and a feeling of closeness to one’s partner while online
(e.g., “I have a really good time with my partner when
we’re online together;” “I spend a lot of free time talk-
ing to my partner on chat”); (5) four items about cyber-
dating practices, that is, contacting and flirting with
other parties while in a relationship (e.g., “I have
‘flirted’ with other people via social networks whilst in
a relationship;” “When I meet someone I like, I quickly
give them my mobile number”); and (6) seven items
referring to emotional communication strategies, which are
tactics to manipulate or control one’s partner, or dis-
play anger or show that there is a problem (e.g., “I use
capital letters when I am annoyed with my partner;”
“I use ellipses to insinuate something to my partner”).
Scores on these online quality scales are calculated
using participants’ average scores. According to earlier
results reported by the scale’s authors, online intimacy
is considered a positive dimension of online couple
quality, and the remaining dimensions are negative.
Procedure
These self-report instruments were administered in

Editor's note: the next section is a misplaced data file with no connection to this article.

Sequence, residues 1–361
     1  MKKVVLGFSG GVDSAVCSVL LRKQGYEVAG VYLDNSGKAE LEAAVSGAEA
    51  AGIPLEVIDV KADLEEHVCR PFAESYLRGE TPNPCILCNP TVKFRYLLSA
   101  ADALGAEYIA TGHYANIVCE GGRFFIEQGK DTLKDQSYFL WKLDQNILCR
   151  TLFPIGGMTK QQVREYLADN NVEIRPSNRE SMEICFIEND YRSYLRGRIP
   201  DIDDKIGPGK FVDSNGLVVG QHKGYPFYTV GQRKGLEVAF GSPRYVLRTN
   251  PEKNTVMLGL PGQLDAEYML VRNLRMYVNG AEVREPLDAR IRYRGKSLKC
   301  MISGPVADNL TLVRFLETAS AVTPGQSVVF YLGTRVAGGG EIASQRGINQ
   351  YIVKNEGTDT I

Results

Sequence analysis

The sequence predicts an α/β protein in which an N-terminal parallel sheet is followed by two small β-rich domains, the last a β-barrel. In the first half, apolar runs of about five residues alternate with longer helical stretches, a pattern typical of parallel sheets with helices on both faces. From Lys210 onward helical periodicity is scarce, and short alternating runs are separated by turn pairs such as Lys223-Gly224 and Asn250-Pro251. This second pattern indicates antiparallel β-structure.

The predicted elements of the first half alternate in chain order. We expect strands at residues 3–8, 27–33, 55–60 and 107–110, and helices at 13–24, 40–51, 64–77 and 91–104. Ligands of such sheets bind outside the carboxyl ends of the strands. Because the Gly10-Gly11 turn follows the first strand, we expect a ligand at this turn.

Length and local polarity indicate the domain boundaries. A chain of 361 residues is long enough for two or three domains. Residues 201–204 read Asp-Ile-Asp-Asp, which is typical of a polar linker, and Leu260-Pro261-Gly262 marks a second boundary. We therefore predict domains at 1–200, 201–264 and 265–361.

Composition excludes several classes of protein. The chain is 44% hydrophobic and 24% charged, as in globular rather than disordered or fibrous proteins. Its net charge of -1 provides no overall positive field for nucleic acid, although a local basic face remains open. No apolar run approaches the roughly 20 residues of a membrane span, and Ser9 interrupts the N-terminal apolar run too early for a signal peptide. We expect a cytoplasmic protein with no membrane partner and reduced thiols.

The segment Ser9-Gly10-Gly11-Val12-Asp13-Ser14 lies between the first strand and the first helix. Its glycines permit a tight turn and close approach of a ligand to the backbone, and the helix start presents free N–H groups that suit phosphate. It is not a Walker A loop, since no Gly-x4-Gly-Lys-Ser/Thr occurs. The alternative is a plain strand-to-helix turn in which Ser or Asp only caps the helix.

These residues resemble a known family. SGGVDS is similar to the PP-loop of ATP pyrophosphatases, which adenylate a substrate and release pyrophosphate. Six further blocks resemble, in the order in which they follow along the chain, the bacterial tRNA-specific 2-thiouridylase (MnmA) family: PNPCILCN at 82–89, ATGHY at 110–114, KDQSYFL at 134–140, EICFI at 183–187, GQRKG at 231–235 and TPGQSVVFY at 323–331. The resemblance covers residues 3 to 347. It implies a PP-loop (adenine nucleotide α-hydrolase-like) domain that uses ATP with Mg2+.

paper form during school time in a single 40-minute
session. Participants completed an informed consent
form, and participation was entirely voluntary. Trained
researchers executed data collection and we ensured
the confidentiality of all information collected.
Data analysis
The first step was to do two Confirmatory Factor
Analyses (CFAs) of online couple quality and relation-
ship satisfaction in order to validate the instruments
in this study’s sample. Next, means comparisons were
done as a function of gender, using Student’s t test
on each scale of online couple quality and romantic
relationship satisfaction. Subsequently, we analyzed
Pearson’s correlations between age, relationship dura-
tion, online couple quality, and relationship satisfac-
tion. These analyses were done separately for men and
women in order to differentially analyze the associa-
tion between these variables by gender. To satisfy this
study’s second objective, a multiple linear regression
was done using a step-wise method; in it, relationship
satisfaction was the dependent variable, and sex, age,
relationship length, and online couple quality were
independent variables. Moderating variables (sex, age,
and relationship length) were entered into a first block;
a second block included the dimensions of online
couple quality; and the third block added the interaction
terms of the moderating variables in online couple
quality: the interaction between sex and each dimension
of online couple quality, the interaction between age and
each dimension of online couple quality, and the interac-
tion between relationship duration and each dimension
of online couple quality. To diminish collinearity issues,
all the independent variables were first standardized;
all interactions were computed using standardized
variables. The gender variable was coded such that a